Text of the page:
Michael Alexis, TeamBuilding
Refresh Your Training Platform
With so many employees continuing to work remotely, you have to design an eLearning experience that’s actually fun. At our company, we created our own custom content authoring tool so our users can tailor any training to their own needs or their organization. LMS platforms, or online training software, are seen as boring because they have too many technical definitions, don’t provide a good learning experience, and have the same old stock photography. Find fun graphics, create and upload your own videos, and ask your team for feedback because you’re all in this and learning together.
Lauren Patrick, Curricula
LinkedIn for More Than Networking
I have been very impressed with the professional development opportunities offered through LinkedIn Learning. Many of these courses are free and can be easily taken at the learner’s convenience. Many organizations have purchased subscriptions to make more LI Learning opportunities available to their employees. LI Learning will work with organizations to help identify desired topics and can provide participant feedback on the courses that have been taken most frequently. It’s a great and convenient resource, especially with so many people working remotely.
Colleen McManus, Senior HR Executive and Consultant
Break It Up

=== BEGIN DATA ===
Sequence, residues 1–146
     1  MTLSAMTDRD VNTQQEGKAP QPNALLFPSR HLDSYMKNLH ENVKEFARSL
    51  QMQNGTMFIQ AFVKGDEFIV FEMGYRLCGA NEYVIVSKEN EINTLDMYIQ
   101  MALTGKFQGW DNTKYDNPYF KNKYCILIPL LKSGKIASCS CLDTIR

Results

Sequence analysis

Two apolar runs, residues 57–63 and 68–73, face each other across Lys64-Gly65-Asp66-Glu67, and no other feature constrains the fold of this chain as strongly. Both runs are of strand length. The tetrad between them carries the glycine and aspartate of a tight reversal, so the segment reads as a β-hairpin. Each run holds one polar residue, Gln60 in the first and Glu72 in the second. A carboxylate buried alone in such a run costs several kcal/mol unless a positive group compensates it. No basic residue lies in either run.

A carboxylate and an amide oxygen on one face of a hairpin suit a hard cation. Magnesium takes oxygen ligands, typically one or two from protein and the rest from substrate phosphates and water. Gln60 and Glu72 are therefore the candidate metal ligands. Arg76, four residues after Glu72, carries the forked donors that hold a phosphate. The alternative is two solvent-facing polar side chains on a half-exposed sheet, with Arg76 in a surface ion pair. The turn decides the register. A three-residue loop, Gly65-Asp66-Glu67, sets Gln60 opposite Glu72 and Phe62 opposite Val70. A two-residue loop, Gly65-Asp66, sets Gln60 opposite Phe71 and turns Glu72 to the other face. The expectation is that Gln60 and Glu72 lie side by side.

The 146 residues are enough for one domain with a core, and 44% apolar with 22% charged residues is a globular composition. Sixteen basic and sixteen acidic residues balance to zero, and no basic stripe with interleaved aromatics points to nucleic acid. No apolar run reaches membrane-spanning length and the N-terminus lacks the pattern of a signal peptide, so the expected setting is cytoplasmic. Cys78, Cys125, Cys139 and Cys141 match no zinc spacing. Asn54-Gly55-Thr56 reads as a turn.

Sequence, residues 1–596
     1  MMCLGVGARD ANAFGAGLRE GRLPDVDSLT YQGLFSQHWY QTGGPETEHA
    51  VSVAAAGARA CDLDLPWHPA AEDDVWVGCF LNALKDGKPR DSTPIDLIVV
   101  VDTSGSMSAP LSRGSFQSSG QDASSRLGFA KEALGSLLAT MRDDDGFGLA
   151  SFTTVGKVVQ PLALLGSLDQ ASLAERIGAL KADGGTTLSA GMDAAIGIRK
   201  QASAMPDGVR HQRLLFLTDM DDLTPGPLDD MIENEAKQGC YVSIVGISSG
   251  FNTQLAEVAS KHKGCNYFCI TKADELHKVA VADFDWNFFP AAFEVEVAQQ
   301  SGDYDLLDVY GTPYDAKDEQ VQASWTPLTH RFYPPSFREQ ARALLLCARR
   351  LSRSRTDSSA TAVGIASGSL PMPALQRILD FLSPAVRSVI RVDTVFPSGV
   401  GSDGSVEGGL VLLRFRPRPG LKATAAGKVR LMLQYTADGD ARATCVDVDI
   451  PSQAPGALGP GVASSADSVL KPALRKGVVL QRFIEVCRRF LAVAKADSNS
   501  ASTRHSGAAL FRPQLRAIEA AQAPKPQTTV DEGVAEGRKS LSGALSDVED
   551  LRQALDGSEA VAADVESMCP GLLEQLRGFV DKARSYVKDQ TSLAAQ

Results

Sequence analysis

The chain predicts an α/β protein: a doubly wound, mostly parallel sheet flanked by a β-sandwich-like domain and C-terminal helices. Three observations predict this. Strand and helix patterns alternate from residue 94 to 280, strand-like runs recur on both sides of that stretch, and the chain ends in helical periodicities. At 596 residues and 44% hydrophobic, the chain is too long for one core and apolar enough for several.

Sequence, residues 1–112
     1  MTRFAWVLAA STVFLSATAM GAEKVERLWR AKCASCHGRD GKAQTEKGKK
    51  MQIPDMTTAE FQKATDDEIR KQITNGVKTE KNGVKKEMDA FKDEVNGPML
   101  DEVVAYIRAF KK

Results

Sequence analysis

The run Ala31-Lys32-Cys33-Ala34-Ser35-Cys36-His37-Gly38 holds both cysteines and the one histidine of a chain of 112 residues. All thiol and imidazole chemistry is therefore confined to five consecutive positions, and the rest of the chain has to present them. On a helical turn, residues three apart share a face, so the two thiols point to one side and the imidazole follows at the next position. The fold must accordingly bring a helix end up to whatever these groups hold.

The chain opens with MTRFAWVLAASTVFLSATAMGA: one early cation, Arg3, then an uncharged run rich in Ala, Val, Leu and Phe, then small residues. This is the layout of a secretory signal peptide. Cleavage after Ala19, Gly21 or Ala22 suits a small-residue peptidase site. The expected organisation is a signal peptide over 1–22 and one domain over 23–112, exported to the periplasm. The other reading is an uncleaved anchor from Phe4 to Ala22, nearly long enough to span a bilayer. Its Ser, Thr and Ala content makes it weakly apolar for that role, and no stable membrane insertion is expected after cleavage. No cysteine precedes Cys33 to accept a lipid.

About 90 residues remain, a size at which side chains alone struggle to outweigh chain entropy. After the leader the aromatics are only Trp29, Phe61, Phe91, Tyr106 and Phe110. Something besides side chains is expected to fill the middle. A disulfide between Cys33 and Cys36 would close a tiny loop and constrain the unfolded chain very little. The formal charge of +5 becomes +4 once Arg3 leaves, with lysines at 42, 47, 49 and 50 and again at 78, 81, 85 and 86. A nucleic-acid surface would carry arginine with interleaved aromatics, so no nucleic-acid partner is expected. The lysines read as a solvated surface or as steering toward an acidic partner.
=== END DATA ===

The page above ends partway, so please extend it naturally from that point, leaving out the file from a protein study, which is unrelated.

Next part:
For whatever training you do, break the learning up into smaller chunks. Just because a class is 67 minutes doesn’t mean you have to do it in 67 minutes. Frequent 5–15 minute breaks actually increase retention. You can even view a 60-minute classes in 20 minute segments on three different days to avoid information overload.
Joni Holderman, Thrive! Resumes
Combine for Maximum Effect
I know the question asks for only one tool, but online learning should be a combination of different tools for the best effectiveness. Coursera is my go-to for the most fundamental core learning topics. Most courses on Coursera are well-structured, slow-paced and clearly explained all the fundamentals. If you are new to a certain topic, then Coursera is a good start. YouTube is my go-to if I already know a bit of the topic and would like to learn quick tips and tricks to further my skills. A podcast is a good platform for making use of your free time driving in the car or while you are cooking or doing chores.
Jill Sandy, Constant Delights